An Interview with Wendy Tokunaga, author of the novel No Kidding

An Interview with Wendy Tokunaga, author of the novel No Kidding

Q: What was your inspiration for writing No Kidding?

A: It’s always been rare to see a female character in a book, movie, or play, etc. who felt she didn't want to have children. And by the end of the story she has either changed her mind and has “seen the light,” or else is somehow punished for her choice, or has deep regrets for not becoming a mother. I wanted to create a woman character that knew deep in her heart that having kids just wasn't something she wanted to do. But she’s not cold or selfish or an alien from another planet. And the sky doesn't fall because of her decision!

Q: What are your thoughts about choosing to be child free? How or why did you decide this lifestyle for yourself?

A: Ever since I was a small child I knew that having kids just didn't appeal to me. I saw that women had the major responsibility for bearing and taking care of children and I thought it was quite unfair. And even today things Haven changed much, in my opinion. I also don have much of a maternal instinct and traditional female roles were not attractive to me. I always longed for an egalitarian partnership with a man and I thought that having kids would disrupt that.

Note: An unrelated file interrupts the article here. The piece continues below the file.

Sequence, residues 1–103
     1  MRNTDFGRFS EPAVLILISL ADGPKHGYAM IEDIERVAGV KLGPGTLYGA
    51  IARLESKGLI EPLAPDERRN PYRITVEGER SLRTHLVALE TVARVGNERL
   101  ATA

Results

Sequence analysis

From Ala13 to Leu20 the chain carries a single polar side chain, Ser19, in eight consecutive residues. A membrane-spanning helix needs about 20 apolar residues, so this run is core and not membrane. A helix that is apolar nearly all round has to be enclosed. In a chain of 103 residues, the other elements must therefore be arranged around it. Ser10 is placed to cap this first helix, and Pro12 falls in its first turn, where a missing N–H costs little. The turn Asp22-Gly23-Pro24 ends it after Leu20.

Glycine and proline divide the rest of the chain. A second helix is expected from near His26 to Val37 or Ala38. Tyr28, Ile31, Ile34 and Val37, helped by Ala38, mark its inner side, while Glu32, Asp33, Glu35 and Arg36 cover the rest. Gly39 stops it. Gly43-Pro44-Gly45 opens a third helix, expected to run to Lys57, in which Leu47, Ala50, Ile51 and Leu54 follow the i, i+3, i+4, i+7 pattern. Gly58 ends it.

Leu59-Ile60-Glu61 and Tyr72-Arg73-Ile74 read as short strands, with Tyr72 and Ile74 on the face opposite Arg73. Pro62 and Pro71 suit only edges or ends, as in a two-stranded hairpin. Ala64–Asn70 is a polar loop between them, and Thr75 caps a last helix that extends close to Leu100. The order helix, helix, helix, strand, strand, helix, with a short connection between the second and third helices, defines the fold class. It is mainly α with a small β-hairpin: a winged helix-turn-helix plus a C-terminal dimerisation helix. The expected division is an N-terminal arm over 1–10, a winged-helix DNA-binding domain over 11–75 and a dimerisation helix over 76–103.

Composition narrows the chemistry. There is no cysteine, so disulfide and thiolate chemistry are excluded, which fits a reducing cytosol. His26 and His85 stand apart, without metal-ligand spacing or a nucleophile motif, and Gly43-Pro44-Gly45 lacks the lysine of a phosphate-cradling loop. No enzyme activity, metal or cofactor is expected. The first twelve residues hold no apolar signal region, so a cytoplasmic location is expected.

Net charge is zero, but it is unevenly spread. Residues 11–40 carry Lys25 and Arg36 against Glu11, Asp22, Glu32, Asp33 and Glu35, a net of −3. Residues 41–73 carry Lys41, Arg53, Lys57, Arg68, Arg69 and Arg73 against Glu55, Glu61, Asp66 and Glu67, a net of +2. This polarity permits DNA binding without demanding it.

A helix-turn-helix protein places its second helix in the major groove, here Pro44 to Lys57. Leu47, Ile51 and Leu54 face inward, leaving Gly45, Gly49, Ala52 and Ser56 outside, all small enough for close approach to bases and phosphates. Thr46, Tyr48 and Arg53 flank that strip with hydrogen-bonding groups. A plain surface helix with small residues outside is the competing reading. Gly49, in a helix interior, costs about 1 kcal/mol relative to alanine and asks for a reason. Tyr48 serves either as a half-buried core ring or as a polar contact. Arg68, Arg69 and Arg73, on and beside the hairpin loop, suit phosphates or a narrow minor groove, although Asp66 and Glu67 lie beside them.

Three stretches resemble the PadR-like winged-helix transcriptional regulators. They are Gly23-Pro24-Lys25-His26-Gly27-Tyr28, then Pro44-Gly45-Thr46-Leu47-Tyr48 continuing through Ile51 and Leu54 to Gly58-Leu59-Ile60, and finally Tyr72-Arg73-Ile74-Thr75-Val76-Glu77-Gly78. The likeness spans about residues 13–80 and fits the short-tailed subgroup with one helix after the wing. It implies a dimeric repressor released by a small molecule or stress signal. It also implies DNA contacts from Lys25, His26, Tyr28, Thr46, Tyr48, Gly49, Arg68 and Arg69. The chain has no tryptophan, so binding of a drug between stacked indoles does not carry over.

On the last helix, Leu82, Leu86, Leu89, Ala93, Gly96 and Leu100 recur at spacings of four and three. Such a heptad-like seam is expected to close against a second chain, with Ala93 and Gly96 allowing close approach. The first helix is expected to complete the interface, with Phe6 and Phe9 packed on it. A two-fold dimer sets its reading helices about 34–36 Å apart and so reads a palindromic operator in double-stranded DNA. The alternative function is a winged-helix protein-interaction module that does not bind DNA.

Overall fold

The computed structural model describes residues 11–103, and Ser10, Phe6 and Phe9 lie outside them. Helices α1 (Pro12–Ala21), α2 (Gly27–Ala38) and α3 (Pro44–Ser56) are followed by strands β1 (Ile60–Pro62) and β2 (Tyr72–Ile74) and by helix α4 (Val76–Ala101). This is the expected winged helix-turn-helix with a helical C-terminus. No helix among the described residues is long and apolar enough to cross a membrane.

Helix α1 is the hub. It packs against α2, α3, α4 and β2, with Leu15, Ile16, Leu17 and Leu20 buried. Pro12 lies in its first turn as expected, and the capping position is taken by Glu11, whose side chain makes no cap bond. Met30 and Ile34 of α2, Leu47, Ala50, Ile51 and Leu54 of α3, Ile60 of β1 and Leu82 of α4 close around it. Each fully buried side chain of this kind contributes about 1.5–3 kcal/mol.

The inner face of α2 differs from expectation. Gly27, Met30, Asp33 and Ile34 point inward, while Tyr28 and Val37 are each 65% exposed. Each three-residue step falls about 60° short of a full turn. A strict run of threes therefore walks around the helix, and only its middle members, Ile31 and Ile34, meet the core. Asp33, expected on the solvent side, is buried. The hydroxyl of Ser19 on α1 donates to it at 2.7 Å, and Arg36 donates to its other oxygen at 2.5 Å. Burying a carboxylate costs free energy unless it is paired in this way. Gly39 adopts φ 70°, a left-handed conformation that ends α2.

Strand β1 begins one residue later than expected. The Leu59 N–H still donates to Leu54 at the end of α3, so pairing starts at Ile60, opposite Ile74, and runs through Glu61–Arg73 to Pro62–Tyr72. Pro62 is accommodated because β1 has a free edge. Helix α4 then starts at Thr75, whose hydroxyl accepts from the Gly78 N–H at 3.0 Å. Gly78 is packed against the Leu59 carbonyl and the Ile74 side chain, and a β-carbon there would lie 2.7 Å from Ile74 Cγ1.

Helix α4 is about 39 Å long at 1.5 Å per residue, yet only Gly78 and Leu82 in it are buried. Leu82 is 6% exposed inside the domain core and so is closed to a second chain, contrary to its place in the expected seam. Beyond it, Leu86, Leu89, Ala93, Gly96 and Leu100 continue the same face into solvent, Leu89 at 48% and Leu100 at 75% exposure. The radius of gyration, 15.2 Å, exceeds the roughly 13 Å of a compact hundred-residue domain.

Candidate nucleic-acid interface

Q: Why do you think our society is so child-centered?

A: imp not sure our society is, in reality, so child-centered. Women are given a lot of mixed messages. On the one hand it is said that being a mother is “the most important job in the world,” yet the government ignores the economic plights of mothers by essentially saying, “you're on your own.” And most men don consider raising children as any kind of prestigious work. The ideal in our society is still the man bringing home the bacon and the woman staying home with children. And when there is a situation where the roles are reversed it is so unusual that it becomes a cover story for a magazine—Man Stays Home to Care for Children: Film at Eleven!

However, yes, I do feel that in general society expects women to have children and thinks it’s odd when a woman says she doesn't want kids.


PART TWO of my interview with Wendy will be posted next week! Read her thoughts on the so-called "child free stigma" -- and find out what she has in common with her main character Audrey!

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